Army school helps failing youth

This editorial appeared in The (Bowling Green) Daily News.

The Army deserves credit for coming up with an innovative idea to bolster its ranks while giving high school dropouts a way to further their education and serve their country.

Last week, the Army opened its first prep school in Fort Jackson, S.C., for those wishing to get their degrees and serve in uniform after completing that task.

The Army will turn six World War II-era buildings at the base into a mini-campus of spartan classrooms and barracks. Under the yearlong pilot program, classes of about 60 soldiers will enter the monthlong program every week. Their day begins in uniform at 5 a.m., with physical training followed by about eight hours of academic review classes and an hour of marching drill. Evenings are reserved for homework.

Recruits must score in the top half of the Army's aptitude test to qualify for the prep school and get two tries at a General Educational Development diploma. If they still can't pass, the Army will release them from their contract.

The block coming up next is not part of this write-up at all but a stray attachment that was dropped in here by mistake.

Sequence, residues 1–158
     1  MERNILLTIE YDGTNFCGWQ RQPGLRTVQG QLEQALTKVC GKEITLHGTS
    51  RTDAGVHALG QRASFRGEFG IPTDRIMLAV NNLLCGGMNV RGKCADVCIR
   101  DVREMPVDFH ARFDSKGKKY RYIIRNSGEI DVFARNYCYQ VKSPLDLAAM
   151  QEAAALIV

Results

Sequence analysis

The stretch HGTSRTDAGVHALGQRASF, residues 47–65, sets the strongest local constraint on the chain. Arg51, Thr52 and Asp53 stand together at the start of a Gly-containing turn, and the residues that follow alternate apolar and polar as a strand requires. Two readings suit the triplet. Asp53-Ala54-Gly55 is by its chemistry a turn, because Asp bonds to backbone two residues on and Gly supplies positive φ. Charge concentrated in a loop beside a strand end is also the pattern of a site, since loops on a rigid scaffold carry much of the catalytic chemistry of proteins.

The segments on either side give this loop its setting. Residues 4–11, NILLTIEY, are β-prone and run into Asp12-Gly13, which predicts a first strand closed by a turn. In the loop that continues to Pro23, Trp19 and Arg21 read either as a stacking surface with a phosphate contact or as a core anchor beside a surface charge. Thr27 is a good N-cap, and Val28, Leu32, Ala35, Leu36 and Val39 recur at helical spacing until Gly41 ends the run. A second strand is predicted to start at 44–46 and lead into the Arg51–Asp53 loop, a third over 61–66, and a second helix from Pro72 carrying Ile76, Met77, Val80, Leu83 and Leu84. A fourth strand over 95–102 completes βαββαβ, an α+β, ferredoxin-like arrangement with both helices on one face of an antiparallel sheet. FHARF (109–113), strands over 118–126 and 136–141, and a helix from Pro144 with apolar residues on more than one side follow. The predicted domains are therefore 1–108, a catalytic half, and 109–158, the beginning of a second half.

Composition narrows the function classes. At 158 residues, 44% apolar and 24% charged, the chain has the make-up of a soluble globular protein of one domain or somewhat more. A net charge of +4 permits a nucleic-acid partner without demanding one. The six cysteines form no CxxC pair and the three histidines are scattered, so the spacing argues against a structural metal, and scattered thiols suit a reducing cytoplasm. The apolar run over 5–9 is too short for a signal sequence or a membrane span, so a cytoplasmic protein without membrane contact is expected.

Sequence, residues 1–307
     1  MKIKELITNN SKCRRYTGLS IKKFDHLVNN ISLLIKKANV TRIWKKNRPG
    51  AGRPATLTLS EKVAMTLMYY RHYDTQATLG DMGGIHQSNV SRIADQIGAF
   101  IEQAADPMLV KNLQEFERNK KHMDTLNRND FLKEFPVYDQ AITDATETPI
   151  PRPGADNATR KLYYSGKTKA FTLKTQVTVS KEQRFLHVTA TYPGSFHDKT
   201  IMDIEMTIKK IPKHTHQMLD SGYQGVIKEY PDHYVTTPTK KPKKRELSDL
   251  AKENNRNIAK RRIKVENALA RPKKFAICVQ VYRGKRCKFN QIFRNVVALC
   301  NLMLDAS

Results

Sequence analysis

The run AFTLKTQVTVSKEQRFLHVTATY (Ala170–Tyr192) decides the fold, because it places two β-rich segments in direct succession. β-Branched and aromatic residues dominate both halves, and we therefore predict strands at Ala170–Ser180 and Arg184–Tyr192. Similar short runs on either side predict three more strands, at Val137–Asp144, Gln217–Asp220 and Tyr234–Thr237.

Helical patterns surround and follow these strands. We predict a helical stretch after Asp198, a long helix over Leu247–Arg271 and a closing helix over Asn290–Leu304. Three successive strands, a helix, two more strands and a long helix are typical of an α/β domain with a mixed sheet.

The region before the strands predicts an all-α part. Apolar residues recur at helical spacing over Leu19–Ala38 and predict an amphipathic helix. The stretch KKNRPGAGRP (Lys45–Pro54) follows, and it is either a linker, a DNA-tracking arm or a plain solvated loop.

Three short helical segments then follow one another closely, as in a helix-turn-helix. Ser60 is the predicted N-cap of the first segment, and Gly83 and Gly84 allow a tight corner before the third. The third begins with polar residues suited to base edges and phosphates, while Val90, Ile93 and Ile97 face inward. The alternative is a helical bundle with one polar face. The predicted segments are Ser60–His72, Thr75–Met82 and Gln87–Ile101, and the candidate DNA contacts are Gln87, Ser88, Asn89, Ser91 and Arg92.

The program offers these students a chance to get a GED. Once they've completed their courses and received their GEDs, they are eligible for military service.

Army studies show that only 3 out of every 10 people of military age who are capable of joining the Army do so.

This new program is certainly worthy of a try. A lot of people have to quit high school and this gives them an opportunity to finish.

One example is Austin Swarner, who left school to care for his mother while she fought a losing battle with cancer.

At a time when the military is having trouble recruiting young Americans, this program has the potential to not only help them complete their high school education, but also a chance to help the Army.